The Grand Bargain (GB) is coming to an end in 2021 without achieving much on the 51 commitments made in 2016. The GB commitments largely remained confined to the headquarters of the signatories without proper dissemination to humanitarian actors on the ground. The Agenda for Humanity aimed at shrinking the humanitarian needs, but the humanitarian needs have continued to grow, as also highlighted in the most recent Global Humanitarian Overview (GHO2020). In absence of further extension of the Grand Bargain, or lack of a long-term humanitarian framework, it is challenging to seek sustainable reform of the humanitarian architecture. This is why, it is recommended to modify the GB commitments into humanitarian goals and align them with Sustainable Development Goals (SDGs), Sendai Framework for Disaster Risk Reduction (SFDRR) and Paris Agreement on Climate Change. Therefore, it is necessary that GB gets extended up to 2030 to have the same timeline as the three most endorsed global frameworks. The humanitarian architecture also ought to be more inclusive of emerging donors, Southern governments and CSOs to create wider ownership and have more informed discussion that would usher more efficient, effective and impactful humanitarian action on ground.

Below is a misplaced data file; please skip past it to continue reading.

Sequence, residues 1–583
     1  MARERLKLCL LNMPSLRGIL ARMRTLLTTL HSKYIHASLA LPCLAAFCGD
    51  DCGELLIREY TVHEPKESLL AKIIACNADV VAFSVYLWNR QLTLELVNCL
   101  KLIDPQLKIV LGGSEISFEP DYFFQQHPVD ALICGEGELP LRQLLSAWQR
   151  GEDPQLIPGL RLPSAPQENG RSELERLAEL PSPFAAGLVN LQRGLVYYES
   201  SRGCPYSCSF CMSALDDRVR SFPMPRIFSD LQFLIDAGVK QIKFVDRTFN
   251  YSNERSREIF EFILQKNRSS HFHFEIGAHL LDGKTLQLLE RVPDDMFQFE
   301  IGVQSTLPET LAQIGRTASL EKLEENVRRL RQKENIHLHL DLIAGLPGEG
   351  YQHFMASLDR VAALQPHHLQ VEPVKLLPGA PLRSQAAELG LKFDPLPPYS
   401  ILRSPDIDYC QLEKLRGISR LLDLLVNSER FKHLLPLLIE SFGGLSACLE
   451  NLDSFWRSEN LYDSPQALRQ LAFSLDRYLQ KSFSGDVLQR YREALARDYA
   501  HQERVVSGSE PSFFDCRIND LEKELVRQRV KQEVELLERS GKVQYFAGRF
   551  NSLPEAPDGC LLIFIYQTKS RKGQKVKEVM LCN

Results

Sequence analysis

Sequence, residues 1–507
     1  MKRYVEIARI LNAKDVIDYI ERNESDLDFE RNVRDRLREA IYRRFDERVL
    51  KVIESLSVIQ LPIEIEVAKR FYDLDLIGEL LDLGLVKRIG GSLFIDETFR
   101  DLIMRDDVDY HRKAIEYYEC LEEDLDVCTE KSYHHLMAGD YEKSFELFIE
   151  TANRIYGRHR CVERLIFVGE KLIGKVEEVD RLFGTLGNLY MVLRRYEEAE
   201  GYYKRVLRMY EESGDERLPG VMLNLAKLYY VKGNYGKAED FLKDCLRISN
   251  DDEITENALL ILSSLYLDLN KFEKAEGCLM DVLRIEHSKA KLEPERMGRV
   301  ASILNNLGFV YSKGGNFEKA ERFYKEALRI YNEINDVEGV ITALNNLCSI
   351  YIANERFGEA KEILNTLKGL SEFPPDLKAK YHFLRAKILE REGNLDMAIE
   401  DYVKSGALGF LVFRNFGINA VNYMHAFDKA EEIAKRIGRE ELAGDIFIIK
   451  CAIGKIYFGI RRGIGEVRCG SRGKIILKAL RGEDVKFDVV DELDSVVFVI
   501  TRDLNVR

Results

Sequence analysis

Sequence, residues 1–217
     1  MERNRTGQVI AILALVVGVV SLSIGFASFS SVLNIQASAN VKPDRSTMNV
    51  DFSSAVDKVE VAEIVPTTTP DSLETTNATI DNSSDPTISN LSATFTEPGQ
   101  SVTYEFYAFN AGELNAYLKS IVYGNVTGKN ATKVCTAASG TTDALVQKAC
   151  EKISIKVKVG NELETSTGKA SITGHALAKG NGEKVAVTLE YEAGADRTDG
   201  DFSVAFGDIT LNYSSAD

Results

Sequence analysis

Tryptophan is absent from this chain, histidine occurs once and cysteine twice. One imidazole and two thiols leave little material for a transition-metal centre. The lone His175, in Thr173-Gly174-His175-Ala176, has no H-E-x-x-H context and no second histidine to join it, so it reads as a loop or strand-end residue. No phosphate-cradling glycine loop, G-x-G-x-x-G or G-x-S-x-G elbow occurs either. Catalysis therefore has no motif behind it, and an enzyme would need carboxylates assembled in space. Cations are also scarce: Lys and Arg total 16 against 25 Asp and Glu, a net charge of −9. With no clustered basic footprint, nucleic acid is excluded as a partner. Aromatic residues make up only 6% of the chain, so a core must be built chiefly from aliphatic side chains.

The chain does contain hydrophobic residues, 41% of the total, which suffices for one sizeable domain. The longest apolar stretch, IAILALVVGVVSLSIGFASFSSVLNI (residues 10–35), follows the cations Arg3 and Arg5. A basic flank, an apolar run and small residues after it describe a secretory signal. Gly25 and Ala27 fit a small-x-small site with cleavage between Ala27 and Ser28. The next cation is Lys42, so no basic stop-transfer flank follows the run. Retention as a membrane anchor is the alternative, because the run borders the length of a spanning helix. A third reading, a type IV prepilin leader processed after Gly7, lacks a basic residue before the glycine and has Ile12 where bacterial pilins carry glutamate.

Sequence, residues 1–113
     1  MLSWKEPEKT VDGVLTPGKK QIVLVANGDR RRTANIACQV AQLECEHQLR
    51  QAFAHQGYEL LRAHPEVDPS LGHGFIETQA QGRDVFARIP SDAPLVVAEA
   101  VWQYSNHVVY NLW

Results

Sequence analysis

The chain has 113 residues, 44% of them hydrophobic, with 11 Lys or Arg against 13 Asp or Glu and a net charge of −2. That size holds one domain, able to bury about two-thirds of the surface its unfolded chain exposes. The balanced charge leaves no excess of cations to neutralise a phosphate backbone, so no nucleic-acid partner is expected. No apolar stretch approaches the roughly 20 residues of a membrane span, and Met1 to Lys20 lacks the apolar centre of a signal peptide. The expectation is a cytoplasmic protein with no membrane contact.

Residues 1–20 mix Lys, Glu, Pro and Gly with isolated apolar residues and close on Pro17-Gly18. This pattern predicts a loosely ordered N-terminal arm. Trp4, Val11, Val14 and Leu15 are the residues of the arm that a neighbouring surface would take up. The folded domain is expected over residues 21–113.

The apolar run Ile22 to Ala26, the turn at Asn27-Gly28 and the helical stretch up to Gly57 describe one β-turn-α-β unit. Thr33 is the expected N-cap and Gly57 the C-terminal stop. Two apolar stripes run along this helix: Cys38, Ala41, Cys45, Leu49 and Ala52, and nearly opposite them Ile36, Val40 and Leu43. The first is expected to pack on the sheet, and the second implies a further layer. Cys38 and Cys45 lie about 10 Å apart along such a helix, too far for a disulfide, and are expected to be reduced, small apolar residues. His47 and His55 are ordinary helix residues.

The Alliance for Empowering Partnerships (A4EP) is a network of organisations committed to rebalancing the humanitarian architecture and practices to enable locally-led responses. Considering the discussion above, this paper asks for “A Grander Bargain 2030”, reducing the commitments so they are practically achievable.
The Global Humanitarian Overview
(GHO) 2020 launched by UN OCHA on 4 December 2019 provides staggering data on the humanitarian funding and the projected needs in 2020. In 2020, 167.6 million people would be in need of humanitarian assistance, out of which 108.8 million would be targeted through a budgetary need of $28.8 billion.